Uh, Oh. I broke the bank.

The expenses of August can be staggering if you have kids.
Convenience meals
Spontaneous Vacation
School supplies
Fall clothes
Fall sports registration
Don’t even get me started on the obscene amounts of money I spend on my classroom that Man may or may not know the extent of.
Those are in addition to the normal monthly expenses. What’s a girl to do when she knows she’s breaking the bank?

Well, she comes up with this money saving menu, digs around in the freezer and pantry, and sees how long she can make it on:
Pre-paid activities like gym, the local museum, and the zoo
Free activities like weekly library time
Creates some at home fun with play dates
Avoids Target and Michaels like the plague (we all have that cart stuffing, money sucking, love to roam store)
Zero dining out

How long do you think we can go?
Let’s chat: What do you do to keep some change in your piggy bank?

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Pimpin Joy

We have seasons of life in which we witness people going through insurmountable troubles or we have seasons of life in which our troubles seem to pour down upon us.  I love Walker Hayes song Pimpin’ Joy.  It was inspired by an incredible story, and it reminds me of a sweet fellow teacher in my school every time I hear it.  The song reminds us that each of us have a voice and a choice daily.  We can choose to be bitter, or we can choose to make a joyful noise.  I think the best line, “we’ll be pimpin’ love like it’s our duty” may just be today’s version of what would Jesus do? – WWJD.

 

 

I need an Italian to adopt me

I’m not Italian. I don’t make traditional Italian food. No little grandma to show me about marinara here, but I do love to tinker with the fare at home. Like a lot. Like when the holidays come around, and movie nights, and vacation fantasies, and pretty much every cookbook I browse at the bookstore. So, behold some of my tinkering: a mix of Rachael, Ina, Alton, and Giada’s versions (yes, at home I pretend we are all on a first name basis) – A muddled reinvention of their recipes all combined into something my husband and kids devour with delight. If you are Italian, just shake your head and grin….or feel free to adopt me and set me straight.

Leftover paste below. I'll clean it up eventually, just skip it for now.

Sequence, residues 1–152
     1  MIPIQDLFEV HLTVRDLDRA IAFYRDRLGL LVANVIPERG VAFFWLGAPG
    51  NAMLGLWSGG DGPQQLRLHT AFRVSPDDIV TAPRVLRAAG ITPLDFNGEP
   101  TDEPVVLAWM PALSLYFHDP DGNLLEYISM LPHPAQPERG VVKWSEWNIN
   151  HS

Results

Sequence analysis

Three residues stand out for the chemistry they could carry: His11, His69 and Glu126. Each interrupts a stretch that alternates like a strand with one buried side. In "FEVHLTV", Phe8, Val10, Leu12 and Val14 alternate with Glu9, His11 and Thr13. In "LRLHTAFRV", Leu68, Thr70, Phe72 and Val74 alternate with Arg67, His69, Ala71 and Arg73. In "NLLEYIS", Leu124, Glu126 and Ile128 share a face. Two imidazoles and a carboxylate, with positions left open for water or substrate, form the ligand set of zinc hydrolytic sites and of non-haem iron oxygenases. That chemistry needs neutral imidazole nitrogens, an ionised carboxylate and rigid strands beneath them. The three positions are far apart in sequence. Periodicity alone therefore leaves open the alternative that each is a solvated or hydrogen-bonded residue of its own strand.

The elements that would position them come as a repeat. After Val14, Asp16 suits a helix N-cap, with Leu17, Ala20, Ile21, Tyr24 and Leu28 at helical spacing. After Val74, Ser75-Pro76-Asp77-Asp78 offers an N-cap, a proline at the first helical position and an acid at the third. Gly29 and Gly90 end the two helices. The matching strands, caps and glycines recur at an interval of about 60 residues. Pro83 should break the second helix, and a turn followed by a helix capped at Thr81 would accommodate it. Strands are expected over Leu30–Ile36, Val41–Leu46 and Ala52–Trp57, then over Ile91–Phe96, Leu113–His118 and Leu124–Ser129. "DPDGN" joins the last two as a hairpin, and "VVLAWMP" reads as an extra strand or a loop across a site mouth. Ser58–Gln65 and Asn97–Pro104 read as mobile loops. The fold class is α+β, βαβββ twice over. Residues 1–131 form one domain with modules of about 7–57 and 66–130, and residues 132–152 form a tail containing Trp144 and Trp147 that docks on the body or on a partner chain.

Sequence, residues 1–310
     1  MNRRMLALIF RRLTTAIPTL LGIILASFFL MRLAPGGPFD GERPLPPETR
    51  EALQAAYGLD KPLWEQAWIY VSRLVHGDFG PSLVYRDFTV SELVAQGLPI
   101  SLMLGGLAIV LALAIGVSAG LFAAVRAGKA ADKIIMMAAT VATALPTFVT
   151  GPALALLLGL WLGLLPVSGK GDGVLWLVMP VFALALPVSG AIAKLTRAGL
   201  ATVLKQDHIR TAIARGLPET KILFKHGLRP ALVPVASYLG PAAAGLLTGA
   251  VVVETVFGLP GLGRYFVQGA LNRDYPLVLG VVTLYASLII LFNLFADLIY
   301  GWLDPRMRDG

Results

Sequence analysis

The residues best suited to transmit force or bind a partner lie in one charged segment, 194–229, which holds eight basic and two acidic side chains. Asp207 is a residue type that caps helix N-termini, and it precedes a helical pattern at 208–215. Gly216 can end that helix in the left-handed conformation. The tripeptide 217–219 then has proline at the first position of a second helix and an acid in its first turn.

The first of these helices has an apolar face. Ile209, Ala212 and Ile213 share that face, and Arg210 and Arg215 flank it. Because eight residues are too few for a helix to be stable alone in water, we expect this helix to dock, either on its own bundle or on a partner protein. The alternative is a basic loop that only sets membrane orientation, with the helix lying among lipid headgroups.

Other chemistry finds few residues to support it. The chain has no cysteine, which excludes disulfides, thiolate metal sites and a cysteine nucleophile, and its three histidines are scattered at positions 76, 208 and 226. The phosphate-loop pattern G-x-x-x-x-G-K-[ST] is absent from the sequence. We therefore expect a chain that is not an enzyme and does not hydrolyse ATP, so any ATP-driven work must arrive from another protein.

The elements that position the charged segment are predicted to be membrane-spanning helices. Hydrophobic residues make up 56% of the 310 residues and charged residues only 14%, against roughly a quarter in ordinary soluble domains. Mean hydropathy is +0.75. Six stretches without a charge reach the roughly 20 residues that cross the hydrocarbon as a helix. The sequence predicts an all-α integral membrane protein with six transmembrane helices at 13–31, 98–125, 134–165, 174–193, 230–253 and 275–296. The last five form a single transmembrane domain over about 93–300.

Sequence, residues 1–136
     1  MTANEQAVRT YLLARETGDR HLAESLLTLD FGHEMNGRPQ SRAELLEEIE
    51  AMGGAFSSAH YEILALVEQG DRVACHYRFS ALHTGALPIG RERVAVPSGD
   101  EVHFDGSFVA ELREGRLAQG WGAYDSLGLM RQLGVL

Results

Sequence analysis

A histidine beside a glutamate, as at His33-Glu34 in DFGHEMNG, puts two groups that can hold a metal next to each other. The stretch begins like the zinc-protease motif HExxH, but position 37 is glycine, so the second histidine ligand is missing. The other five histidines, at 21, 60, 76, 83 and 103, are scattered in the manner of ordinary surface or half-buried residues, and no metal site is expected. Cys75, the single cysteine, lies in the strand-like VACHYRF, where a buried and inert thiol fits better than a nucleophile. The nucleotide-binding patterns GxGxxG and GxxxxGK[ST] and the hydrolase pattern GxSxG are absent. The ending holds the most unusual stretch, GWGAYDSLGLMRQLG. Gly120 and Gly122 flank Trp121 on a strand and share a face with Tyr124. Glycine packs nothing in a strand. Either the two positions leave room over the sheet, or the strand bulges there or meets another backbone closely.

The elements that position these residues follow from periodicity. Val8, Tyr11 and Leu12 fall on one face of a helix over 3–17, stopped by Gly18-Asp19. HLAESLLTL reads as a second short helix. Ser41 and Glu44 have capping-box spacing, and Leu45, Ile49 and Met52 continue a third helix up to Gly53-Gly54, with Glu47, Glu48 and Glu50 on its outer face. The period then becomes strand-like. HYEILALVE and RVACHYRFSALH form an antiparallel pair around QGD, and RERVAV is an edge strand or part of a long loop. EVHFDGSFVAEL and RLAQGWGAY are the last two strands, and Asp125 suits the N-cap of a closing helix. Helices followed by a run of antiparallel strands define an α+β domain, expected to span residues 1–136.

Caprese
My favorite part of tomatoes and basil coming back in season.  My favorite salad. Drizzle with a syrup like balsamic….mmmmmmm.
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Marinara
Sauces are one of those times when making from scratch really pays off. They are one of the first things you learn in cooking school and well, tomato is a mother. Take that any way you want.
Gather:

  • 2 Tablespoons olive oil
  • 1 yellow or sweet onion, small dice
  • 3 cloves garlic, minced
  • ½ cup drink worthy red wine (on the dry side)
  • 28 oz can of high quality crushed tomatoes ( you can use peeled and crush yourself. Many say they are better quality)
  • 28 oz can of high quality tomato puree
  • 14 oz can of high quality diced tomatoes, rinsed & drained
  • 2 teaspoons kosher salt
  • 1 Tablespoon dried Italian seasoning (sometimes I use ½ dried basil & ½ dried oregano) – in the summer, chop up some fresh herbs and sprinkle in the last few minutes of cooking
  • 1 teaspoon sugar (can omit if you want)
  • ½ -1 teaspoon crushed red pepper flakes ( depending on how spicy you like it)
  • 1/2 teaspoon fresh cracked black pepper